Paolo Arao

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PAOLO ARAO

Artist-in-Residence

 
 

My Time In Wassaic

 
 

Please write a paragraph (or a few!) about your time here in Wassaic. You should say a bit about yourself, where you came from, how you got here, what media you like to work in typically, and what you chose to work on while you were here in Wassaic. Then talk about what Wassaic means to you, how it influenced your work, and what you might want others to know about Wassaic. Write from the heart and write in natural language. We want people to get to know you through this work. Be sure to embed hyperlinked words within these body paragraphs, so that we can link out to your portfolio site, exhibitions, movements, etc. Have fun with this!

 
 
 
 

 
 
 

Interview

By Drew Broderick, June 2018
 

Where do you call home?

Brooklyn.


Why do you make art? Have your reasons changed over time?

I make art because I can't imagine doing anything else.

What have you been reading lately? Thoughts?

I'm reading a few books right now: 1) The Latinos of Asia: How Filipino-Americans Break the Rules of Race by Anthony Christian Ocampo, 2) Queer/Documents of Contemporary Art, edited by David Getsy.


What drew you into the contemporary art world?

I would have to say artist residencies became the entryway into the contemporary art world — meeting artists from all parts of the world and creating a sense of community.


How would you describe your work/practice to a total stranger? To a friend’s 5 year old child? To a grandparent?

I make paintings, textile constructions and fabric collages. I'm interested in exploring the elastic concept of queerness through abstraction - specifically geometric abstraction. My work uses bold color and soft geometry to create playful, queer, and dynamic paintings.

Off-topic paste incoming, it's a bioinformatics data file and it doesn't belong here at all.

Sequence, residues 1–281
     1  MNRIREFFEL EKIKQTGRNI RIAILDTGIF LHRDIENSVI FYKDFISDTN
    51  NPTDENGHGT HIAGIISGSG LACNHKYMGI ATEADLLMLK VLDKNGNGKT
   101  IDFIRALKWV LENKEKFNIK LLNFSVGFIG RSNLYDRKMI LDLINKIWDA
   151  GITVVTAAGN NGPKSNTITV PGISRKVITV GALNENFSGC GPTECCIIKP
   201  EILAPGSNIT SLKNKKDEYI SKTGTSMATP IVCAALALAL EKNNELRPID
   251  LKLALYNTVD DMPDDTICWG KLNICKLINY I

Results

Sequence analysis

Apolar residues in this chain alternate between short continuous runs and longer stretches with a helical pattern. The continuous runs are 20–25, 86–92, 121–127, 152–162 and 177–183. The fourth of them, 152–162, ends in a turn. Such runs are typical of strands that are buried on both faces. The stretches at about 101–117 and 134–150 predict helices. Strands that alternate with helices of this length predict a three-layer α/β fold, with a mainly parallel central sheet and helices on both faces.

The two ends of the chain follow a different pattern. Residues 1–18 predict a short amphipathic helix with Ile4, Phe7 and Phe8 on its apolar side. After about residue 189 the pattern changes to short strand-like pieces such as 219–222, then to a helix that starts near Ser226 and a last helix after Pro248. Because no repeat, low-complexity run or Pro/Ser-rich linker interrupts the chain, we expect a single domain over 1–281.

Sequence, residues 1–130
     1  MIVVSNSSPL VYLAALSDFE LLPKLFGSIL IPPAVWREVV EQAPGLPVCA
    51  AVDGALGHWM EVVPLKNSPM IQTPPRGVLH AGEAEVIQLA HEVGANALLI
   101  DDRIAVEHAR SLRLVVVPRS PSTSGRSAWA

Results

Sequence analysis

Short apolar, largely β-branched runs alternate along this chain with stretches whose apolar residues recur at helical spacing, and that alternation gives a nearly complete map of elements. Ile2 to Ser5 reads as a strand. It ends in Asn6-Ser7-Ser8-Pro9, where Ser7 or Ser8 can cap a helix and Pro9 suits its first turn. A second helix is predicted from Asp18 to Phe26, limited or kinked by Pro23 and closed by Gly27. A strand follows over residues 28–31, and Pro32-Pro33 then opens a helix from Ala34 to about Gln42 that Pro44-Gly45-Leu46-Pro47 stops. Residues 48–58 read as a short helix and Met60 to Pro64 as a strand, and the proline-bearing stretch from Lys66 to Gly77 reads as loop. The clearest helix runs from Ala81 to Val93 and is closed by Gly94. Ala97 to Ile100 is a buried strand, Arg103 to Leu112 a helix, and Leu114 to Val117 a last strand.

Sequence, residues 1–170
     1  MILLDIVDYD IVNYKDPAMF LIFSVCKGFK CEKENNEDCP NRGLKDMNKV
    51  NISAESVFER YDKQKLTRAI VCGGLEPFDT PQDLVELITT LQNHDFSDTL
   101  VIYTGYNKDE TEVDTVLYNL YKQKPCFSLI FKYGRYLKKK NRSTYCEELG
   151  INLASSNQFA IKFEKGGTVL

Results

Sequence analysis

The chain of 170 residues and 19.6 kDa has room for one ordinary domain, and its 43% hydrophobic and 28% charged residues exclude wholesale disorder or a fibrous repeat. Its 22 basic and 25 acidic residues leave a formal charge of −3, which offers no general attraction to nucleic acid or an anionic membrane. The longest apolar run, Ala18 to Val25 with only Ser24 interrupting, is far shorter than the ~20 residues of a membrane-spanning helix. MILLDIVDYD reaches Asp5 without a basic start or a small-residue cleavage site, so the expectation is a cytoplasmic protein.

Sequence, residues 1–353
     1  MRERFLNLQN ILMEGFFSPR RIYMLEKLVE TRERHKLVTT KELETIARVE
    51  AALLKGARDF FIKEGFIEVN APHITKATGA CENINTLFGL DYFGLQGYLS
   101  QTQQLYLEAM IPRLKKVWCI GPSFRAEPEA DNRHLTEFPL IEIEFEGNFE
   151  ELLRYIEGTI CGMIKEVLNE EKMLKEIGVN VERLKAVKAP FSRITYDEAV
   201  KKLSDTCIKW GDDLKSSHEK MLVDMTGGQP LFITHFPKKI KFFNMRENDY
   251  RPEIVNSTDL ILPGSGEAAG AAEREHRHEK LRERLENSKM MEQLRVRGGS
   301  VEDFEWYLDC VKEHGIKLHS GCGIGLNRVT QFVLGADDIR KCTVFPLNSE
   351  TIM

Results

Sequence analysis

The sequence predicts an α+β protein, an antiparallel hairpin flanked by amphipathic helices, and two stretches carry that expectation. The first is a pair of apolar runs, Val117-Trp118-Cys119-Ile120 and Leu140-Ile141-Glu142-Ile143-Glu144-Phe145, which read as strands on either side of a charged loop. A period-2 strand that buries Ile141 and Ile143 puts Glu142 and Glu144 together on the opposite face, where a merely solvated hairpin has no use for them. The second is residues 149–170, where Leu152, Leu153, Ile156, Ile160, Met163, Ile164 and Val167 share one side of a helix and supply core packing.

What are your studio essentials? What is something unexpected a visitor might encounter?

A sewing machine (I work with textiles) acrylic paint, colored pencils, fabric (both commercially bought fabrics and second-hand clothing) a rotary cutter!


Influences: we all have them regardless of whether or not we acknowledge them. Who or what currently inspires your work?

I love looking at textiles and quilts (especially quilts from Gees Bend) I've also been looking at the work of Alan Shields recently.


What were your intentions for this residency and how have they changed since being at the Wassaic Project?

I'm preparing for a three-person exhibition in July at Mother Gallery in Beacon, NY. The work I'm making and finishing up here will most likely be going to be included in the exhibition.


What role does community play in your work, and how has community shaped your experience of this residency in particular?

Community is crucial. I think being an artist today would be so much more difficult without the support of a community of artists who you can share ideas and experiences with. Learning from the experiences of other artists is so invaluable.

 
 

I make art because I can’t imagine doing anything else.
— Paolo Arao
 
 
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Photos by Walker Esner